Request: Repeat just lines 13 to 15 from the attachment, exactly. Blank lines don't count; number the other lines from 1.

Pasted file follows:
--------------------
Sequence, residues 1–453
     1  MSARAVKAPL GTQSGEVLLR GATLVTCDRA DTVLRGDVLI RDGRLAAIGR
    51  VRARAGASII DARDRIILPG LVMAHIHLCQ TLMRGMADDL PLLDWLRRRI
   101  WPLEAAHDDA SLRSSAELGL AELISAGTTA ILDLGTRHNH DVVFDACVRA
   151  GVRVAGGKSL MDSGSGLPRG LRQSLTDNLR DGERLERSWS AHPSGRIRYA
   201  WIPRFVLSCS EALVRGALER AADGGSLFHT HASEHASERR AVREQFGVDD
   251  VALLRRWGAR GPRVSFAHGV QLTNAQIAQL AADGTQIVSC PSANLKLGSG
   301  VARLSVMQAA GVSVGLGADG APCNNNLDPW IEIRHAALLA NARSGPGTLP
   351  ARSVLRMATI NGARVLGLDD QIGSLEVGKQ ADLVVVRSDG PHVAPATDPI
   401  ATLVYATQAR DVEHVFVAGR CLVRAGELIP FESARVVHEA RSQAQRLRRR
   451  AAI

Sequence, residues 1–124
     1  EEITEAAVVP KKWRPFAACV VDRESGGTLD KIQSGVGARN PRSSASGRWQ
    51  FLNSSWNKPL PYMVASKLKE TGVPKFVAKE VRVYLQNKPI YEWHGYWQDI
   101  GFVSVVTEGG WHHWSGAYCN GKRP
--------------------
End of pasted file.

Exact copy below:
     1  EEITEAAVVP KKWRPFAACV VDRESGGTLD KIQSGVGARN PRSSASGRWQ
    51  FLNSSWNKPL PYMVASKLKE TGVPKFVAKE VRVYLQNKPI YEWHGYWQDI
   101  GFVSVVTEGG WHHWSGAYCN GKRP